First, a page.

A top story of the day on many of the news outlets is about Sergey Aleynikov, the thirty-nine year-old former vice president who allegedly stole trade secrets from Goldman Sachs and stored them on a foreign server. The breathless headlines are staggering. Code theft could cost Goldman millions, US says, To Catch a Rogue Quant, Russian Said to Be Ex-Goldman Worker Charged in Theft and The Dumbest Man at Goldman Sachs.
As President Obama visits Russia, the homeland security, terrorism and anti-immigrant blogs are abuzz about the alleged Russian spy. You have to look hard to find the headline, Goldman sees no impact from computer programmer-source. It isn’t as exciting.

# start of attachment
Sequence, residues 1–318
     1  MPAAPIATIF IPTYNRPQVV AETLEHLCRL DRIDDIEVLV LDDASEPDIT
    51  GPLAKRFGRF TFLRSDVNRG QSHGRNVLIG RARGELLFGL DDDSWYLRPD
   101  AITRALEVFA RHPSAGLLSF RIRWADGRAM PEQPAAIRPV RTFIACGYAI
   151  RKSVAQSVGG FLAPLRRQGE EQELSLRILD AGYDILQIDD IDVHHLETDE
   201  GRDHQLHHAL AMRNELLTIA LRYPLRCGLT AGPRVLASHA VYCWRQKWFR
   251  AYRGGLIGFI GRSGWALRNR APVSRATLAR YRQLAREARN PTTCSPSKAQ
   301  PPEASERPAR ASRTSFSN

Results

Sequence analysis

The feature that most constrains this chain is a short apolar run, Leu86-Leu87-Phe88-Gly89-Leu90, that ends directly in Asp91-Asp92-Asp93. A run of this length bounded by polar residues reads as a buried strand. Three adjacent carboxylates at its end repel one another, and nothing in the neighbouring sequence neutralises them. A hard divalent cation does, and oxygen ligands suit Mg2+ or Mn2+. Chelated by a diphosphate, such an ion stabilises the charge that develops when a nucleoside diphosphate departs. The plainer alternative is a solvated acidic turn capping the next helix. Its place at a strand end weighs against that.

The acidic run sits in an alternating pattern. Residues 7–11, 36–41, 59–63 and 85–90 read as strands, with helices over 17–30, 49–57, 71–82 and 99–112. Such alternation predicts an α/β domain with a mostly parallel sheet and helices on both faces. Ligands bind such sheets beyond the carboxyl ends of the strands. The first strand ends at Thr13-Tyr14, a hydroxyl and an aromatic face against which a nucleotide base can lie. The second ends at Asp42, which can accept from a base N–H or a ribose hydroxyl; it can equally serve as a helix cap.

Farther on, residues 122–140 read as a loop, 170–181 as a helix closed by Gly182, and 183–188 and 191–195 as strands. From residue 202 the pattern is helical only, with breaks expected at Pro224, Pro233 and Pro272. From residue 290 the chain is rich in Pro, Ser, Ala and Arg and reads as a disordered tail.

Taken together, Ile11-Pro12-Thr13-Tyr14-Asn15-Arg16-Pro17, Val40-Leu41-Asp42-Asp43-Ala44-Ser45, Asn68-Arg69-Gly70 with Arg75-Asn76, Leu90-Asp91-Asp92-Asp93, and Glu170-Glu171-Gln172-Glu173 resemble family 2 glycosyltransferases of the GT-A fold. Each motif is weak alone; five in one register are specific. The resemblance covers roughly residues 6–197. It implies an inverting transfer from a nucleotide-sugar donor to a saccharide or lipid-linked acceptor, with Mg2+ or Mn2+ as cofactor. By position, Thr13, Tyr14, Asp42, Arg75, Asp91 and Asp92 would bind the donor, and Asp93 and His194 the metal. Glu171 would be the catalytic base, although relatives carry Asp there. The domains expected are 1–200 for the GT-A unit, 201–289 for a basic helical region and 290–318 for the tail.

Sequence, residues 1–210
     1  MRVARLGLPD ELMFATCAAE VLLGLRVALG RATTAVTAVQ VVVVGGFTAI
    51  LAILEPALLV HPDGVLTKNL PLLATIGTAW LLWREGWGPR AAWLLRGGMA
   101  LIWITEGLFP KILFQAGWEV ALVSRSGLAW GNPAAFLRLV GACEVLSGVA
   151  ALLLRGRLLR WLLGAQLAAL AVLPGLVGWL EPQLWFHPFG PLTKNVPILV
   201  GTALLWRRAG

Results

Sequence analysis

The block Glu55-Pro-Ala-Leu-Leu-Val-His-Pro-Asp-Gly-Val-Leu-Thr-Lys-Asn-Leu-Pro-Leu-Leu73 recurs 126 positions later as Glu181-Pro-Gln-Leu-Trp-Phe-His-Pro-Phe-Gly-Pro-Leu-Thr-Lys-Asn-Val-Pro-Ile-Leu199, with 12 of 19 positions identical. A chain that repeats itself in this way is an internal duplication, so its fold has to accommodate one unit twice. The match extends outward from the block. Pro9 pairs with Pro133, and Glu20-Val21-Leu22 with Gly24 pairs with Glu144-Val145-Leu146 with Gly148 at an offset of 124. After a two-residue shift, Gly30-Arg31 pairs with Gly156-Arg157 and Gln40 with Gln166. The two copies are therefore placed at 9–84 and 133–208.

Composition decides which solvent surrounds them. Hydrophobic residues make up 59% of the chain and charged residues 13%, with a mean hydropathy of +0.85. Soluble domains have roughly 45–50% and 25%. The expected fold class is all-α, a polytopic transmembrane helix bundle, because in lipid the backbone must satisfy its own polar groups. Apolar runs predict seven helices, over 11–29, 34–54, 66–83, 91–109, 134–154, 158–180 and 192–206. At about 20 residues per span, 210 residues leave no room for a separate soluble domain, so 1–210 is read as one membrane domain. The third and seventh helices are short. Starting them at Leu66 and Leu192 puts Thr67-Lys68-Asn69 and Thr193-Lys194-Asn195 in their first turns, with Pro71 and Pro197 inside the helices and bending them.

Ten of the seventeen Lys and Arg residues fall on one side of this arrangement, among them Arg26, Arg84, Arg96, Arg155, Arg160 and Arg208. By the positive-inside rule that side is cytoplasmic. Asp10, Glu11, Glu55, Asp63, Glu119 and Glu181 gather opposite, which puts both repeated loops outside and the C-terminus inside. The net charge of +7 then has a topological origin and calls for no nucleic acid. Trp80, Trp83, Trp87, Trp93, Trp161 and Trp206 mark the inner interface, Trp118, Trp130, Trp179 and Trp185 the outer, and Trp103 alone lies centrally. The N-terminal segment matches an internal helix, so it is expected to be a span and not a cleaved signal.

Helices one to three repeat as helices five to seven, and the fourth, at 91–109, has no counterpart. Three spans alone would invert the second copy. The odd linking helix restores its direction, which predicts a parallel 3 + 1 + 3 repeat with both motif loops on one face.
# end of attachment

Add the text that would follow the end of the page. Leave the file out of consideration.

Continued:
Before Aleynikov is hung for international espionage, I thought it would be good to dig a little bit deeper into what happened. According to the an affidavit by Michael G. McSwain entered into the Southern District of New York, FBI agent McSwain charges Mr. Aleynikov with “unlawfully, willfully, and knowingly, without authorization, copied, duplicated, sketched, drew, photographed, downloaded, uploaded, altered, destroyed, photocopied, replicated, transmitted, delivered, sent, mailed, communicated and conveyed, a trade secret that is related to and included in a product that is produced for and place in interstate and foreign commerce with the intent to convert that trade secret to the economic benefit of someone other than the owner thereof, and intending and knowling that the offense would injure the owner of that trade secret, to wit, Aleynikov, while in New York, New York, and elsewhere, copied, without authorization, proprietary computer code belonging to a financial institution in the United States and then uploaded the code to a computer server in Germany.”